Another crash of thunder punctuated the command and the wind shifted. Illya blinked rapidly as the rain fell in his eyes and he growled in frustration. It was the middle of the night after all. He’d only managed two hours of sleep before he’d heard the door of the room open and felt the damp air surround him momentarily before the door closed again. He’d sat up, reaching for his gun at the same time, instantly awake. Looking over at the other bed, he and found it not only empty, but apparently not even slept in.
Illya hadn’t even questioned what he’d been doing as he’d dressed and braced himself for a very wet night before he’d opened the door and went in search of his partner. That had been an hour ago and his temper was frayed from stress and worry, which made him angry. He swore in Russian and quickly got to his feet. He took only a few soggy steps before his anger evaporated. No matter how much he wanted to be dry, warm and asleep he couldn’t walk away. Illya turned back and plopped down next to Napoleon. “I am soaked to the bone, Napoleon. I do not like being wet, as you well know. And I am not leaving unless you come with me.” He shook his wet head, sending drops in all directions.
Napoleon looked over at his him and laughter suddenly bubbled in his throat. Illya quite literally looked like a drowned rat.
Illya glared in response, but inwardly he was relieved to see his partner regaining himself. That relief was short-lived, however as laughter gave way to an anguished cry. Illya pulled Napoleon to him, holding him tightly, a buffer against the painful memories that were filling his mind again.
“Do not do this, Napoleon. It was not your fault.” He spoke fiercely in his need to convey his conviction. “You did not kill her.”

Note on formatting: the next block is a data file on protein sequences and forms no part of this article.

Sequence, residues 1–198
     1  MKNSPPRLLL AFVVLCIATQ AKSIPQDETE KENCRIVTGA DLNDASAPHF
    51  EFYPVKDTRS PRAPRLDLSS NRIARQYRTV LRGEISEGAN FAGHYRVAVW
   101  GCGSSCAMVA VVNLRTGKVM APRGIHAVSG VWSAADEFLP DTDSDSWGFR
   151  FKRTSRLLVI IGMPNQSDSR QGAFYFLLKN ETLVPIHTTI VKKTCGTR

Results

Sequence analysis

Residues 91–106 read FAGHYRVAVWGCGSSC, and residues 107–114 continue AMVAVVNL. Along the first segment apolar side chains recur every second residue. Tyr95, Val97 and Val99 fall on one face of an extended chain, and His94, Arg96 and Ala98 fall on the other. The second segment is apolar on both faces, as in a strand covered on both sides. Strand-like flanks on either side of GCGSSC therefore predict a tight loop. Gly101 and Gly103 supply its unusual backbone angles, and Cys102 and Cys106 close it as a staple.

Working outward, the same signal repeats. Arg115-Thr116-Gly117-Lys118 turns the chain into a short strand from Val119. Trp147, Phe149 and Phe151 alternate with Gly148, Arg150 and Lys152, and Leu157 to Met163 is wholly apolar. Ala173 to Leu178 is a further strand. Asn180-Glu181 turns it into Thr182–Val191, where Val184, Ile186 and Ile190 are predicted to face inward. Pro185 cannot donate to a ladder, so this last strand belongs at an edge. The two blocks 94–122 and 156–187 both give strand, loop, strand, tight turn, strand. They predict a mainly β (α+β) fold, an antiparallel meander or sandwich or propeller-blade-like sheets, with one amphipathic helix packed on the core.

The older agent buried his face in Illya’s waterlogged coat. His words were muffled, pained. “I still see her eyes.” He shook his head against Illya’s chest and Illya held him tighter.
Illya could still see her eyes, too. He would for a long time to come. Part of him would always wonder if he had hit the corner of the alley at the same time Napoleon had, would she still have died? Would two bullets have brought down the enemy before he got off a wild shot that took an innocent life? Instead, he was minutes behind his partner. He saw the downed assailant only moments before searching for his partner further down the alley. Illya knew he’d never forget the sight of Napoleon on his knees clutching a young girl’s limp body close to his chest. Her lifeless eyes bored into his skull, and blood trailed down her forehead from the bullet wound that ended her life instantly. It had taken the police and Illya several minutes to get Napoleon to release his hold on the precious burden.
Illya snapped to the present when he felt his friend slowly shift in his arms. Napoleon ran a hand across his wet face, tears mingling with rain. He raised his head, locking his eyes on his partner's.